• CMMC: If you are a member of the Defense Industrial Base (DIB), the U.S. Department of Defense (DoD) lays equal emphasis on your business and your supply chain earning the necessary levels of certification (defined under CMMC) by demonstrating compliance with NIST CSF 800-171 requirements.

Wondering whether non-compliance with these regulations has ever cost a business dearly? Marriott International’s experience of being fined under GDPR for a 2018 data breach shall put your curiosity to rest. In November 2018, security vulnerabilities at the network of a Marriott acquisition – the Starwood Hotels Group (a part of Marriott’s supply chain) – led to the personal data of over 339 million guest records being exposed.

Following a two-year long investigation, the hospitality giant was initially fined £99 million for the exposure of records of 31 million EEA residents. However, in October 2020, the fine was reduced to £18.4 million due to a range of mitigating factors and the impact of the COVID-19 pandemic. Nonetheless, Marriott International had to pay a hefty price for not detecting and mitigating a prudent supply chain risk.

Precautionary Measures You Must Undertake Proactively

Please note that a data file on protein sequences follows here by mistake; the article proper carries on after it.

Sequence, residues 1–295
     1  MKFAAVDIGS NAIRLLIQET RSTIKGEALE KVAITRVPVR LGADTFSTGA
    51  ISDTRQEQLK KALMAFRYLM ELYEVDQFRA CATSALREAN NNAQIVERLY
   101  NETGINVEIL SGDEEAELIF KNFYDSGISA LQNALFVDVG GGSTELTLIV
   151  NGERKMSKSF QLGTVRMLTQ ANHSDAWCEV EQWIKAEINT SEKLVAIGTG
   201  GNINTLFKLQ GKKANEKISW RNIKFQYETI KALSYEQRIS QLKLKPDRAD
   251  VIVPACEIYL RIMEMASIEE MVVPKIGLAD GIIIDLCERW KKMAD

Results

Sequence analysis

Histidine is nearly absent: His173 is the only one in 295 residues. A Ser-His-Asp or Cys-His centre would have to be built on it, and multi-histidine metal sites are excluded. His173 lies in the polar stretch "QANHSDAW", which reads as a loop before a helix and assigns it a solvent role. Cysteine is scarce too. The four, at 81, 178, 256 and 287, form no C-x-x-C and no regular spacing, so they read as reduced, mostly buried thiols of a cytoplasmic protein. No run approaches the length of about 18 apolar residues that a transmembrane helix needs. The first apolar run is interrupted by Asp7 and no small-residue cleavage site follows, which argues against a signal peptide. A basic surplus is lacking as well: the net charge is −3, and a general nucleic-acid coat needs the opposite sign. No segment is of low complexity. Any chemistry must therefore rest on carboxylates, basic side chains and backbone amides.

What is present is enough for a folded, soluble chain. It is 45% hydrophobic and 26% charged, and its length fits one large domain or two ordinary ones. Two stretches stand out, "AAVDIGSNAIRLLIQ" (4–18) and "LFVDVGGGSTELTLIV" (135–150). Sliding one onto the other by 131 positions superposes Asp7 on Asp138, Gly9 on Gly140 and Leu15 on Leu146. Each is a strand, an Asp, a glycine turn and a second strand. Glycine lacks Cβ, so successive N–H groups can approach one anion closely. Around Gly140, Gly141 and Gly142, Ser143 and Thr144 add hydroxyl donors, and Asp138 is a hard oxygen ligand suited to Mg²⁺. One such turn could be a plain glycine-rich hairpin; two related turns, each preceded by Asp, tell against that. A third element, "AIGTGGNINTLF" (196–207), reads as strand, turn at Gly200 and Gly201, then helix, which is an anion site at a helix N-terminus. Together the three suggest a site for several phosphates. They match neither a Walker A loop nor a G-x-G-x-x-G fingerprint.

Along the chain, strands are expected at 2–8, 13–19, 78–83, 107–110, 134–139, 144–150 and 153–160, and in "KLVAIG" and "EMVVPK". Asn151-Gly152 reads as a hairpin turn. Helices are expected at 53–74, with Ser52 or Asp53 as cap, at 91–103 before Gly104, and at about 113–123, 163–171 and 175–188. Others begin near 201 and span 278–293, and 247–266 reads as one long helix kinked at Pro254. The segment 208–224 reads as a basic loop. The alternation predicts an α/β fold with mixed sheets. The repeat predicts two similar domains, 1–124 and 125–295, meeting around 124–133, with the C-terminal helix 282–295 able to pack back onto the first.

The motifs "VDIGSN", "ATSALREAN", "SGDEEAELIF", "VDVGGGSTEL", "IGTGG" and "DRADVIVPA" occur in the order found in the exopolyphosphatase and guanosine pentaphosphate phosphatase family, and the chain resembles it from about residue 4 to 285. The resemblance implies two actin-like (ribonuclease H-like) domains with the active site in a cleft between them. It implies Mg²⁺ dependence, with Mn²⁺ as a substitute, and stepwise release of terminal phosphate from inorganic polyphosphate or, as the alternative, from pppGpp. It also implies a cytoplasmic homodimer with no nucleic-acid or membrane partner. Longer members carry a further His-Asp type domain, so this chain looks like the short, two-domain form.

Having understood the definition and importance of fulfilling supply chain compliance requirements, it’s time for you to understand a list of precautionary measures you must undertake right away. Start with the ones mentioned below:

  • Assess your security and compliance posture thoroughly: You must begin the process by carrying out a thorough and accurate assessment of the security and compliance posture of your business and your entire supply chain.
  • Ask the right questions and demand checks/balances: Be prepared to quiz your supply chain on whether they mirror your business’ security and compliance posture. If they do not, don’t shy away from making it mandatory for them to be on the same page.
  • Make data integrity and structure a requirement: Data takes center stage when it comes to compliance – where it’s stored, how it’s managed and how secure it is in your business’ network (including the supply chain). Let your third-party vendors and partners know how crucial it is for them to ensure the data is upheld as sacrosanct.
  • Commit to ongoing monitoring and collecting evidence of compliance: Regular threat monitoring and documented evidence of compliance will truly help you in demonstrating your commitment to full compliance with the necessary regulations. This applies to your supply chain too.
  • Assume the worst-case scenario and prepare for it: Remember this throughout the process of ensuring supply chain compliance and inculcate the same thought process among your third-party partners too.

If you’re wondering how to start implementing the proactive measures we just mentioned, you can start by holding a conversation with us. We’ll map out the whole journey for you and help you through it.

Article curated and used by permission.